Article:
US superstar Jessica Long (2:40.08) put in an incredibly strong freestyle leg to claim the gold in the women’s 200m individual medley SM8 ahead of Russia’s Oleysa Vladykina (2:41.06). Long overtook Vladykina to post a final length that was over four seconds faster than the Russian’s. China’s Weiyun Lu (2:52.62) was third.
“I was angry,” Long said. “She [Vladykina] had worked more on her breaststroke. I’m not thrilled, I would have liked to have been faster. I knew exactly what I needed to do to push ahead.”
The USA’s Cortney Jordan (5:22.50) retained her world title in the women’s 400m freestyle S7, her second gold medal of Glasgow 2015. New Zealand’s Rebecca Dubber (5:25.34) and Russia’s Ani Palian (5:30.26) completed the podium.
World and Paralympic champion Ukrainian Dmytro Zalevskyy (1:08.42) stepped onto the top of the podium in the men’s 100m backstroke S11 in a new Championships record time. His teammate Viktor Smyrnov (1:09.59) was second and Poland’s Wojciech Makowski (1:11.83) third.
Zalevskyy’s teammate Dymtro Vynohrahdets (3:01.28) was first in the men’s 150m individual medley SM3, leading Australian Grant Patterson (3:08.94) and Mexico’s Arnulfo’s Castorena (3:17.70) onto the podium.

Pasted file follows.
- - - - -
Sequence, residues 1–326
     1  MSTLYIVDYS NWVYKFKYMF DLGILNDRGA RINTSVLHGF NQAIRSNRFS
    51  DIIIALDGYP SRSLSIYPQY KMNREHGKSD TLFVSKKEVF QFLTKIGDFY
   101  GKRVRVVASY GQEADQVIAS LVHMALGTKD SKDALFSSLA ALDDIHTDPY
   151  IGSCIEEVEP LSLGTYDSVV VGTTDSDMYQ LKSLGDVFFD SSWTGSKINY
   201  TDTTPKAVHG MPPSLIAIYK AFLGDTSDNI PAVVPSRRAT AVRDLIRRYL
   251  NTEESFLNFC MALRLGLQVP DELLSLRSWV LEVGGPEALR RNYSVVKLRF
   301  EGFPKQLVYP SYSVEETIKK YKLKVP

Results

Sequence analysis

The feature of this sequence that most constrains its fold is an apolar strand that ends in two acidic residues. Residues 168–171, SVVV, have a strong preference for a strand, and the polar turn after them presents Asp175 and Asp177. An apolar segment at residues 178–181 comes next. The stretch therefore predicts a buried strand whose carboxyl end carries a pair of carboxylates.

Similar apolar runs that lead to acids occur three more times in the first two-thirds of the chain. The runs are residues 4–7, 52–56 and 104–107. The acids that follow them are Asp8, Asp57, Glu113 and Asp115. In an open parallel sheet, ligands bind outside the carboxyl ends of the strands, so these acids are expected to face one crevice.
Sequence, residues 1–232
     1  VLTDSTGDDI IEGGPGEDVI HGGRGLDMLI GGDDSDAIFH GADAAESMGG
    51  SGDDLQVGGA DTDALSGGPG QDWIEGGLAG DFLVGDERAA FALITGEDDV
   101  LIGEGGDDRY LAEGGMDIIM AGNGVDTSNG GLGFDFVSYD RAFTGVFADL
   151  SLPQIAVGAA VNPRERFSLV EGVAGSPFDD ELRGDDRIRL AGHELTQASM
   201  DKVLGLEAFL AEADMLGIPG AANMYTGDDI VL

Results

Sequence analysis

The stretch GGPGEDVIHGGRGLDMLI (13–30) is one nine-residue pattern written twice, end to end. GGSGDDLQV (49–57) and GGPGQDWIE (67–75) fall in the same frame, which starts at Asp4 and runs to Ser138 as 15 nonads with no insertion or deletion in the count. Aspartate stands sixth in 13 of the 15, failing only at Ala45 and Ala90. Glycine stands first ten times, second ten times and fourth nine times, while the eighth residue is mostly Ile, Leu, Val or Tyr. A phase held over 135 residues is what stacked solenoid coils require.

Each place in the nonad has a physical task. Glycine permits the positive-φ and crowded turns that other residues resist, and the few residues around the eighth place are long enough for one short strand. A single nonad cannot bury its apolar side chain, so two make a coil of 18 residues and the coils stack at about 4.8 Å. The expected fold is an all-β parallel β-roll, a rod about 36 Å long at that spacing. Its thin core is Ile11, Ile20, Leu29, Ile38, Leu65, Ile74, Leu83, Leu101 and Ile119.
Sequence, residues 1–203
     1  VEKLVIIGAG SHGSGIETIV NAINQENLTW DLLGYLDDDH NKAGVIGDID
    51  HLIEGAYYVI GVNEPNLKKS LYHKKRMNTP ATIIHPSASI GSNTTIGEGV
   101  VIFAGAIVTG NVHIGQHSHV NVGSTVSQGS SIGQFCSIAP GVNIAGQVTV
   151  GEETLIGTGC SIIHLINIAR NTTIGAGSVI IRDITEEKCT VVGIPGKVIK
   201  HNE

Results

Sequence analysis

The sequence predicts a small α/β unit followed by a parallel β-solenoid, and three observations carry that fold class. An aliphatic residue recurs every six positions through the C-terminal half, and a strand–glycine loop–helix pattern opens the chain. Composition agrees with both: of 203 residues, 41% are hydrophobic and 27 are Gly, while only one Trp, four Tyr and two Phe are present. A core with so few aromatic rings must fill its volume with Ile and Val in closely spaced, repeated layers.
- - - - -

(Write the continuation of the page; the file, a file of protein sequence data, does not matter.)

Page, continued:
World and Paralympic champion Oksana Kruhl (37.33) won the women’s 50m butterfly S6 to complete a Ukrainian golden trio. Australian Tiffany Kane (38.17) expanded her burgeoning medal collection with silver and China’s Dong Lu (38.46) took bronze.
The Chinese duo of world champion Tao Zheng (31.17) and Paralympic champion Qing Xu (31.25) completed a one-two in the men’s 50m butterfly S6. Great Britain’s Sascha Kindred (32.01) took bronze, proving that he still amongst the best even at his seventh world championships.
“At 37 and still making a PB [personal best], I’m chuffed with that,” Kindred said. “I wasn’t even expecting a medal, my main event is on Friday so I’m looking forward to that.”
At the end of day three, Russia have extended their lead at the top of the medals table to 30. They are followed by Ukraine who have 28 medals overall, including 10 golds. The USA held on to third place with 13 medals, eight of which are gold.
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The 2015 IPC Swimming World Championships, which run until 19 July, will feature around 580 athletes from nearly 70 countries and will be one of the biggest qualification opportunities for Rio 2016.
Tickets are still available and all seven days of action will be shown live at Glasgow2015.com alongside live results between 13-19 July.